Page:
The Police and the Black Country
by Mick Pearson
The Police Arrive
In 1822 government were already contemplating the need for 'police
reform'. One option that was excluded straight away was the French
method, which was based on a system of espionage. Sir Robert Peel
fought throughout the 1820s to reform criminal law, but it would
be 1829 before he suceeded and the Metropolitan Police was born.
London was not the only place Peel was to consider permanent
policing. Manchester was considered, as well as towns such as
Burnley and Blackburn. In Birmingham 1799 saw the establishment
of stipendary Magistrates where county justices took it in turns
to administer justices. The Rural Constabulary Act of 1839 gave
the decision to establish a rural police and control of that police
in the hands of the county magistrates. Other legislation gave
control of police in Birmingham as well as Bolton and Manchester,
to government. This was partly because of fear of the Chartist
Movement (Birmingham was the meeting place for the national Chartist
Convention in July 1839), but also because of problems within
During the 1830s and into the 40s there were many incidents of
internal disorder. Metropolitan Police Constables were regularly
drafted into the provinces. This was seen by some as interfering
with local policing, but preferable to drafting in the military.
There were occasions (including in Birmingham in 1839) where the
Metropolitan worked together with the military to combat election
In the 1870s and 1880s police were deployed to deal with strikes
in various industires, and were often condemned for brutality.
However, deploying officers against rioters was a relatively small
part of policing in Victorian England. The principal task of Metropolitan
police officers was "prevention of crime". Once installed
the growth and spread of police officers across the country was
sometimes fuelled by public panics - an example being Jack the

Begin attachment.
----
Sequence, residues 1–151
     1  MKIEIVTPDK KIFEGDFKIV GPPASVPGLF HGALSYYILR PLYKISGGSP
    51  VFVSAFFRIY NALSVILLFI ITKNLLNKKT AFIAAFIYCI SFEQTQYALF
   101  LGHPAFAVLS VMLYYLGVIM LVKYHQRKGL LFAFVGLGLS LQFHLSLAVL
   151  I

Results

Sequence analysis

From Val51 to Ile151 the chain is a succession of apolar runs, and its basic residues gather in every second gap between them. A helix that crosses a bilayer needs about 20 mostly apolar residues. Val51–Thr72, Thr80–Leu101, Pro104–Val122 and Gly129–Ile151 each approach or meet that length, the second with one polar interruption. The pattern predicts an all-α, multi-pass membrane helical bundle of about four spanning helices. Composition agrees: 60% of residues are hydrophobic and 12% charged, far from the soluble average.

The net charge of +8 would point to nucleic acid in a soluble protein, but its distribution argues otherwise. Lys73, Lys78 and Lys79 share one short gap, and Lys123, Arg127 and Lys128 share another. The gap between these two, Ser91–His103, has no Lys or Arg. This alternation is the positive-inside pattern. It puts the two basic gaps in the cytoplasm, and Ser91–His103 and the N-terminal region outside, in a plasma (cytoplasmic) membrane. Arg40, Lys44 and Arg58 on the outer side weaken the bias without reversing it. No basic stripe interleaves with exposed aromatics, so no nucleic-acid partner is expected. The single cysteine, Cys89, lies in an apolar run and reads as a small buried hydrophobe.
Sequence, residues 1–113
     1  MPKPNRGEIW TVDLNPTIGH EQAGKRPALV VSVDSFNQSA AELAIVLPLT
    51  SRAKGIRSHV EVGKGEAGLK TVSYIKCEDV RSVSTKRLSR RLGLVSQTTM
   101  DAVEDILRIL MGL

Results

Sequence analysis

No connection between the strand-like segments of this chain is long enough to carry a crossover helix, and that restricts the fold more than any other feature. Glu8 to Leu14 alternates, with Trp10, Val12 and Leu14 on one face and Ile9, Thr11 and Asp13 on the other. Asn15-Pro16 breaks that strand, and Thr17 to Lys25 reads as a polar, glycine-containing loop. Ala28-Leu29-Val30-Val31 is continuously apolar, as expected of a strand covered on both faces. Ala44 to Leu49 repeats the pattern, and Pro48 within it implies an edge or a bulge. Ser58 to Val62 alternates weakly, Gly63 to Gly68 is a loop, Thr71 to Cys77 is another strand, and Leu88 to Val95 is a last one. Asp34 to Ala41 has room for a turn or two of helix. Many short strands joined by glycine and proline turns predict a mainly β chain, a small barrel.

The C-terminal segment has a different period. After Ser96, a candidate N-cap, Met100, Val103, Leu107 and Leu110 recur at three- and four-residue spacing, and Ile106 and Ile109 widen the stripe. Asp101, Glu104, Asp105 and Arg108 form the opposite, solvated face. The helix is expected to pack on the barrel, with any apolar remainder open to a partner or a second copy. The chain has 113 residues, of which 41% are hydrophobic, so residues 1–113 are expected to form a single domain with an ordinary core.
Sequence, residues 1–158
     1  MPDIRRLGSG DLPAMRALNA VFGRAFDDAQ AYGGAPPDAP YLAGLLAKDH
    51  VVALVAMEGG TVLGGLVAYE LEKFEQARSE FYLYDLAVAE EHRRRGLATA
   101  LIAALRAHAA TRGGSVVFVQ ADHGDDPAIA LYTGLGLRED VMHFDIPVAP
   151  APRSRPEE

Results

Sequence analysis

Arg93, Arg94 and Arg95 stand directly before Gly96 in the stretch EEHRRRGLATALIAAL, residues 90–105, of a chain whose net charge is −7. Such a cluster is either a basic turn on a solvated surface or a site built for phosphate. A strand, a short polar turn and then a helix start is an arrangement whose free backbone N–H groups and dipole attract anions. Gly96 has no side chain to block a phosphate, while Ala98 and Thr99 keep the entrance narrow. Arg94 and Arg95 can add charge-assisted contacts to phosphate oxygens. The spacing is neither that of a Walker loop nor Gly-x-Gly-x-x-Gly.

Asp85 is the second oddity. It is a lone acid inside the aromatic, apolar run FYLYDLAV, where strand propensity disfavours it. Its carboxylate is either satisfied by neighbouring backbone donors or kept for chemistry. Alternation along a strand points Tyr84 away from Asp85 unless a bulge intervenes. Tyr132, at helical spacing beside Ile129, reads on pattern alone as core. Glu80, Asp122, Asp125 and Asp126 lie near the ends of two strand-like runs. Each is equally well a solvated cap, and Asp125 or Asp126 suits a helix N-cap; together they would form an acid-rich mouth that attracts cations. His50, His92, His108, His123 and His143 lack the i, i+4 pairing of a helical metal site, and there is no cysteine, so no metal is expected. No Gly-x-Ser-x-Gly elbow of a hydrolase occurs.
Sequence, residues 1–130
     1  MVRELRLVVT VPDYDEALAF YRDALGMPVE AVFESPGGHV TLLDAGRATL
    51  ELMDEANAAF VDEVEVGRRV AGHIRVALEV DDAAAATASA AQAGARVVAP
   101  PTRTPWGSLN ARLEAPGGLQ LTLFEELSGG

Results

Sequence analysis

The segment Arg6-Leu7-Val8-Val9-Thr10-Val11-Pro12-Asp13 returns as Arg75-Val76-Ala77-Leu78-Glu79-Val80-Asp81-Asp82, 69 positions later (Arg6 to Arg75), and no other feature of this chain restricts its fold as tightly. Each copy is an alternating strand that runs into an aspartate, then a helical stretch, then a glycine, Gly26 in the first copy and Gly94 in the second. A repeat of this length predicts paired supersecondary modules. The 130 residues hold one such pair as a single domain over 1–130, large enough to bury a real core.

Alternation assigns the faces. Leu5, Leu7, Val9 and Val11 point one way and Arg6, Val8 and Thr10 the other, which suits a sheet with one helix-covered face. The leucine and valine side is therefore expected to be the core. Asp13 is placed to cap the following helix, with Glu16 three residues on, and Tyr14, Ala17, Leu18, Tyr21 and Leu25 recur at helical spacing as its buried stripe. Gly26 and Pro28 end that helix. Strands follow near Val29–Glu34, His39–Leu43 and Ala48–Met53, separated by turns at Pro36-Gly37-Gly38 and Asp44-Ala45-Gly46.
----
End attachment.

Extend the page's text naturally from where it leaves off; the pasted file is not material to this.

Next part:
Ripper in 1888. Spates of crime also sparked criticism that officers
were never seen, with angry ratepayers calling for greater efficiency
for their money (sound familiar?).
There was also focus on the style of policing - there were concerns,
for example, about officers patrolling in plain clothes (shades
of the French system). Detectives became part of policing at a
relatively early stage, in June 1842 the Home Secretary approved
the appointment of 2 Detective Inspectors and 6 Detective Sergeants
for the Metropolitan Police. By 1884 the detective force had spread
and grown, Birmingham, it was said, had a larger proportion of
detectives than London.
Policing soon developed beyond the 'prevention of crime' and
evidence grew of involvement with the local public at a local
level. A task quickly adopted was to search for missing persons,
especially lost children. In some stations it was suspected that
some children deliberately went missing so that, when found, they
could "enjoy" some time in the police station playing
with toys and a jam sandwich before being taken home (not in a
jam sandwich of course).
Charitable funds were also set up, with police involvement in
soup kitchens, providing clothing and excursions for poor children,
as well as charitable contributions to hospitals etc.